Wednesday, March 11, 2015

The Internet's Own Boy (2015)

Director: Brian Knappenberger
Run Time: 105 min.
Call Number: QA76.2.S93 I58 2015 

". . . director Brian Knappenberger's gripping, well-researched movie makes a compelling argument that U.S. authorities went way overboard in their zeal to make an example out of the brilliant Swartz, who got into trouble for downloading 2 million research documents from MIT . . . Swartz was not a guy who was stealing music or movies for his own profit, or exposing spy secrets to embarrass the government. He was on a mission to make public research accessible to anyone who might need it. That caper, in just about anyone's book, isn't worth 50 years in prison. (Needless to say, no government officials come forward to defend their actions.)" 
David Lewis, San Francisco Chronicle

Thursday, March 5, 2015

Concerning Violence: Nine Scenes from the Anti-Imperialistic Self-Defense (2014)

Director: Göran Hugo Olsson
Run Time: 85 min.
Call Number: DT33 .F313 2004

". . . reflects the shifting focus of Swedish activist filmmakers during the mid-’70s, who grabbed their cameras and traveled to the front lines of African independence, observing firsthand the fall of apartheid and liberation of a people who’d been exploited by white Europeans for decades. . . . In searching for a mechanism to unify this incredible footage, which has gone largely unseen by the general public ever since, Olsson seized upon Fanon’s 1961 tract [The Wretched of the Earth], a controversial anarchist cookbook which analyzed the psychology of occupation and identified violent upheaval as the only means to overthrow colonialism — a system Fanon referred to as 'violence in its
natural state.'"
—Peter Debruge, Variety

Wednesday, February 25, 2015

Big Men (2015)

Title: Big Men
Director: Rachel Boynton
Call Number:  HD9577.G42 B54 2015

"Not for nothing does 'Big Men,' Rachel Boynton’s astonishing documentary about the 2007 discovery of oil off the coast of Ghana, open with a quotation on greed from the economist Milton Friedman. Dropping us into a perfect storm of avarice, this cool and incisive snapshot of global capitalism at work is as remarkable for its access as for its refusal to judge. . . . Tagging neither heroes nor villains, Ms. Boynton wonders instead who benefits from, and who is harmed by, the billions of dollars in play. Should the enormous risks and staggering costs of getting to 'first oil' guarantee its finder—in this case, a small Texas start-up called Kosmos Energy—a sweetheart deal from the Ghanaian government? The amiable chief executive of Kosmos at the time, Jim Musselman, certainly hopes so; eager to satisfy his corporate backers, and with Ms. Boynton’s camera in tow, he schmoozes with West African royalty and glad-hands middlemen."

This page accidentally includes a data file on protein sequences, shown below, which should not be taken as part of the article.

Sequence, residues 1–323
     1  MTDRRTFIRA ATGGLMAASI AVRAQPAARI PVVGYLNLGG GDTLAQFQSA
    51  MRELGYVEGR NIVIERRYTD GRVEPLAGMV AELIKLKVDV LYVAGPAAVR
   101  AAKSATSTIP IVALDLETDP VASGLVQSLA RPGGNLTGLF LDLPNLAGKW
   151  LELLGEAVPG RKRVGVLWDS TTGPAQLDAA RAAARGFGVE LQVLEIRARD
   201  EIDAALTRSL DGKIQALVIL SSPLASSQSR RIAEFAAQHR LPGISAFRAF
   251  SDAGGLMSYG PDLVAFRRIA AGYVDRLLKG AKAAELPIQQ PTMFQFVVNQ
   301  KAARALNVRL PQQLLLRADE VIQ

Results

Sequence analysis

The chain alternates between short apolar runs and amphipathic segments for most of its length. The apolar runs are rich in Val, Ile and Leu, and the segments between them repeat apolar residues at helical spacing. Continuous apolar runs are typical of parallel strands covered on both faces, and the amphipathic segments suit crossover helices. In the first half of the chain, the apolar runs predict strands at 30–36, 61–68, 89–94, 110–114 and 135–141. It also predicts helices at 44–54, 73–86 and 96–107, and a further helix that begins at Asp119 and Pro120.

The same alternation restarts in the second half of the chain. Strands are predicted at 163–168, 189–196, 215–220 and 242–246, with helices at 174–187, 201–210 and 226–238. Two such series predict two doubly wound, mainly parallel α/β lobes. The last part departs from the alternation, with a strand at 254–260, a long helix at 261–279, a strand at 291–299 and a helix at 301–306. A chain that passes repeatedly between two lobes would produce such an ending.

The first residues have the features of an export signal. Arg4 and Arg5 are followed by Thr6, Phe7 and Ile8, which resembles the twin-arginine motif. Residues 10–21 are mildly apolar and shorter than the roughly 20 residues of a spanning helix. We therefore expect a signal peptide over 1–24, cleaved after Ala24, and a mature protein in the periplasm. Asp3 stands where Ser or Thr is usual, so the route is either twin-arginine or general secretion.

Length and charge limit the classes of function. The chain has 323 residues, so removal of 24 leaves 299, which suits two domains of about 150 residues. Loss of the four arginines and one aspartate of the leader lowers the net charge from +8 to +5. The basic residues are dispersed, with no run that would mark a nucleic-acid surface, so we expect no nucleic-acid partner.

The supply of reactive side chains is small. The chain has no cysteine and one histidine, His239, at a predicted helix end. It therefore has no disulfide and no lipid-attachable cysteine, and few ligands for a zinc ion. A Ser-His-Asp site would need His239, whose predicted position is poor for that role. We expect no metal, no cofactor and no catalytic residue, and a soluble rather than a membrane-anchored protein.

Jeannette Catsoulis, New York Times

Wednesday, February 11, 2015

1971 (2014)

Director: Johanna Hamilton
Run Time: 80 min.
Call Number: HV8144.F43 N56 2014

". . . on the evening of March 8, 1971, while much of America was distracted by the Muhammad Ali-Joe Frazier fight, burglars broke into the Federal Bureau of Investigation’s office in Media, Pa., and stole files that revealed the bureau’s unlawful surveillance of antiwar activists. Photocopies were mailed anonymously to three major newspapers, including The New York Times, but only The Washington Post published anything from the files. . . . Ms. Hamilton’s straightforward documentary skillfully interweaves reminiscences by members of the group with re-enactments of the burglary. The F.B.I.’s frantic reaction sounds almost like a Keystone Kops comedy in which 150 agents, many poorly disguised as hippies, saturated the Philadelphia suburbs and went knocking on doors."
—Stephen Holden, New York Times

Thursday, January 29, 2015

GMO OMG (2014)

Director: Jeremy Seifert
Run Time: 85 min.
Call Number: TP248.65.F66 G6626 2014

"Seifert, who also narrates, appears on screen throughout, often with his adorable, camera-ready small sons in tow, as he travels across the U.S. and the globe questioning farmers, seed experts, activists and scientists. En route, he explores the potentially harmful effects of such genetically modified crops as corn, soybeans and canola, and the corporate manipulation of seed supplies and their use in conjunction with now omnipresent, weed-resistant (hence, crop yield-increasing) pesticides. Not surprisingly, reps from Monsanto, the big daddy of engineered seed purveyors, denied Seifert's interview requests. . . . Conclusive answers are few here, though the featured farmers make convincing, real-world cases for — and against — planting patented GMO seeds. Still, if forewarned is forearmed, Seifert's movie might one day prove quite prescient." 
—Gary Goldstein, Los Angeles Times